Let Them Lie — #CharacterBuilding
Last time, I meandered through a concept to deepen character development, the one where the poor schmuck’s always done something a certain way based on a faulty or misguided assumption (and aren’t we all poor schmucks at one point or another in our lives?).
This week, after taking some time to write a few shorts while waiting on book edits, I came across the stock photo above and found it massively appropriate for the topic.
We all deal with lies and—delusions of grandeur—every single day.
We lie. To those we love. To those we don’t. And we justify it. You know, even the little stuff, like when your significant other or friend asks if you like their new haircut. Or the dinner they cooked. Or their piece of art. Lie and make them smile, or tell the blatant truth and deal with the pouting for the rest of the day.
Or, if we’re skilled, we can sidestep the direct question by offering an indirect response: “Do you like your haircut/dinner/art? Well, that’s all that matters. Wanna go to the movies?”
Sometimes that diversion works. Sometimes not, if the person doing the asking is equally as skilled.
We are lied to. By those who love us (see the above paragraph) and by those who don’t (mainstream media, anyone?).
We lie to ourselves—this one may fall into the ‘delusion’ category. We have this image in our heads of who/what we are and then we ask or expect others to aid us in that delusion instead of being honest and looking at cold hard facts—about how we could make forward, positive change if we’d get our heads out of our derrieres.
Some of the epic lies/delusions we allow to take root in our heads: “I’m okay, I got this.” “He/she must really love me because they (fill in the blank here with some ridiculous act of selfishness on the part of the he/she).” “If I only had X, my life would be grand.” And on and on.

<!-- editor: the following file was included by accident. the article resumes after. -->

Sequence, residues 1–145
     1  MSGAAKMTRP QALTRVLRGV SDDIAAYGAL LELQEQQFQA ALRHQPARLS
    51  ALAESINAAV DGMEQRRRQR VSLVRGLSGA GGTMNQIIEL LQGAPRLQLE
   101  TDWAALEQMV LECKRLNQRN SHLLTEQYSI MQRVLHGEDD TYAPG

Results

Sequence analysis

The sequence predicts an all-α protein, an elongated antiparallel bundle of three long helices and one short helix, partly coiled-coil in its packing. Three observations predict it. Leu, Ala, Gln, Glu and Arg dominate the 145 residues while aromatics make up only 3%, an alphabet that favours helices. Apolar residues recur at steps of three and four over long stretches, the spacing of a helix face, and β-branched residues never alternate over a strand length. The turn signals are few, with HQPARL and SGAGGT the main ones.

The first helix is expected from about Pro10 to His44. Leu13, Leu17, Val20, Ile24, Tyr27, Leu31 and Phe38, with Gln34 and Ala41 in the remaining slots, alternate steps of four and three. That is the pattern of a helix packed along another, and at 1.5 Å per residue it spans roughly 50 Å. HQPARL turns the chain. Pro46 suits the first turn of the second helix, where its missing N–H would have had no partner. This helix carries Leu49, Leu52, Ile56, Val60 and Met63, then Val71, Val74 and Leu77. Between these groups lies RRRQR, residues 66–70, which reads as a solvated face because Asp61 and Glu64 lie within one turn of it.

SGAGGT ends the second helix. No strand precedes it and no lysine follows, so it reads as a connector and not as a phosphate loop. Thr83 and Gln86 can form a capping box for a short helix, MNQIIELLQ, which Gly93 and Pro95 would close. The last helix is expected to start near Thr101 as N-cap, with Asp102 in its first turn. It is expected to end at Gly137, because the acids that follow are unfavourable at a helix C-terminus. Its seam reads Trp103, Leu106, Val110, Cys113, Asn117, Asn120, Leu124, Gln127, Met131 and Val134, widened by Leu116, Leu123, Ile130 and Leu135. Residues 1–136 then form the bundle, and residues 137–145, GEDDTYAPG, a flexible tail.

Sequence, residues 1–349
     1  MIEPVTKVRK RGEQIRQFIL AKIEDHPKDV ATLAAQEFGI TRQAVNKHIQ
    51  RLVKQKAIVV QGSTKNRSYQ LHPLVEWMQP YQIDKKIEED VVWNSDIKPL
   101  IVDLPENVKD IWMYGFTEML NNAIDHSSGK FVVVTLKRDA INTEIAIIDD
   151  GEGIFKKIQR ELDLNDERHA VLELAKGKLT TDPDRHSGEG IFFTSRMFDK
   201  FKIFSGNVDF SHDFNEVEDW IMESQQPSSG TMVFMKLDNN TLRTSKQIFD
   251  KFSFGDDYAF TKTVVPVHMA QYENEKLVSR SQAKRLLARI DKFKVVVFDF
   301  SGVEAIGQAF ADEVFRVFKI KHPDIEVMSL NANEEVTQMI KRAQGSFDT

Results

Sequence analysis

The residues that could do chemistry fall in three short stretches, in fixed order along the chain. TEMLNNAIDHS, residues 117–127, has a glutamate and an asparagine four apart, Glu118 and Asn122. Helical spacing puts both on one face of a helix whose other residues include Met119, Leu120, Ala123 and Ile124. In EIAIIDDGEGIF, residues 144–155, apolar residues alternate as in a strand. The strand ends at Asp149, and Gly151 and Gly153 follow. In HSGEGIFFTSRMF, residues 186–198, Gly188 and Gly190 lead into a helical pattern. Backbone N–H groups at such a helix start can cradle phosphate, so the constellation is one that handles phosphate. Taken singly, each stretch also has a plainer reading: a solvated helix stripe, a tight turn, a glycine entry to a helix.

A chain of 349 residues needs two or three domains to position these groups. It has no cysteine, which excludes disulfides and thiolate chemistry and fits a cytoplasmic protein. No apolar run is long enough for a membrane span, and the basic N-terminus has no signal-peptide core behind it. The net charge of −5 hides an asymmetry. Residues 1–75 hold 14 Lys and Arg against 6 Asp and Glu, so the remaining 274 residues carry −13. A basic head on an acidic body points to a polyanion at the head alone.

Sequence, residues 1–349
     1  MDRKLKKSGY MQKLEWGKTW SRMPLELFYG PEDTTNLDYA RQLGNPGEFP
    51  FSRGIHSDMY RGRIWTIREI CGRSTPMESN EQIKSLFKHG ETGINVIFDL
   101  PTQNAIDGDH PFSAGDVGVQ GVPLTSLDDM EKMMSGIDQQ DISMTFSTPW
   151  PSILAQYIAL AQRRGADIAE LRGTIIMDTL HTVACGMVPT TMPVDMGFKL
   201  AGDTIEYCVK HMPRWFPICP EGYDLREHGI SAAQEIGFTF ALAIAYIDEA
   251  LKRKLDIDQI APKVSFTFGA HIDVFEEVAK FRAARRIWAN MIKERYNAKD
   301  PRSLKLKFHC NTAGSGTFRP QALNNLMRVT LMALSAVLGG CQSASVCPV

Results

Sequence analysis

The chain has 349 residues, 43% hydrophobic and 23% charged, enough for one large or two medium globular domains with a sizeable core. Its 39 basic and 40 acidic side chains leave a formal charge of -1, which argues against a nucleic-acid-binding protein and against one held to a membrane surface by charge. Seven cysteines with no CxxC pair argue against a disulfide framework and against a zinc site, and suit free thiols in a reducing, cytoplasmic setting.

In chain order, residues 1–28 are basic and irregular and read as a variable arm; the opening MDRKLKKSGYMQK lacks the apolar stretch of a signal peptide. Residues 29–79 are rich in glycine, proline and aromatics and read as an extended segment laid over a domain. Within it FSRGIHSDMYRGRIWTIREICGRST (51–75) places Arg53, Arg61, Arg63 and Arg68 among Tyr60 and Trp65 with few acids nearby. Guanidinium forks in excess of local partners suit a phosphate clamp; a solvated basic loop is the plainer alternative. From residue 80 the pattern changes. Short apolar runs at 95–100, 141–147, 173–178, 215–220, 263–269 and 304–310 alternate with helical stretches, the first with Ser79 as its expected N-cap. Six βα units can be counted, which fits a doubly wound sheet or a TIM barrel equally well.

All based on feelings, not facts.
And some of us have that little “helper”—be he real or imaginary—who is all too eager to hand us our king’s scepter and keep us in la-la-land dancing a jig with our delusions and lies.
My grandmother, spunk she was, was once asked by a sweet young lady that age-old question with no good outcome—“Do these pants make me look fat?”
And Grandma prided herself on honesty—at least with others when she could one-up them; with herself, she was the Queen of Denial—so she told the girl the pants did, in fact, make her look fat.
I asked dearest grandmother if she thought her response was a little cruel. Grandma shrugged and said, “If she didn’t want to know, she shouldn’t have asked. And I think she needed to know.”
Well, alright then.
So, if you’re ever in the mood to fancy yourself an author (a delusion I’ve entertained a few times over the last few years) or you’re forced by a wicked English teacher into some piece of creative writing, let your characters lie and be lied to.
And especially let them lie to themselves. That makes them ultimately relatable. Because even though we may read to escape our reality, we still connect with those imaginary people on the page when they act just like us. And think just like us. Even if we’d never admit it to anyone else.
Watching the characters realize the errors in their thought processes, watching their delusions be illuminated, and watching them overcome those hurdles gives the rest of us poor schmucks a little hope.
Hope from imaginary characters with imaginary problems.
Sometimes fictional characters will cause us to take a good look at ourselves in the mirror and ask what we could do to change our own belief system. To face reality. To stop lying…
But be careful who you ask. Don’t ask yourself—you’ll just feed your psyche another line of bull. And on the other end of the spectrum are those brutally honest octogenarians—so attempt that audience only if you’re thick-skinned.
And if you’re the one-in-a-billion who doesn’t suffer from delusions of even the smallest grandeur, congratulations! Hold on a minute...
I’ll be right back with your scepter.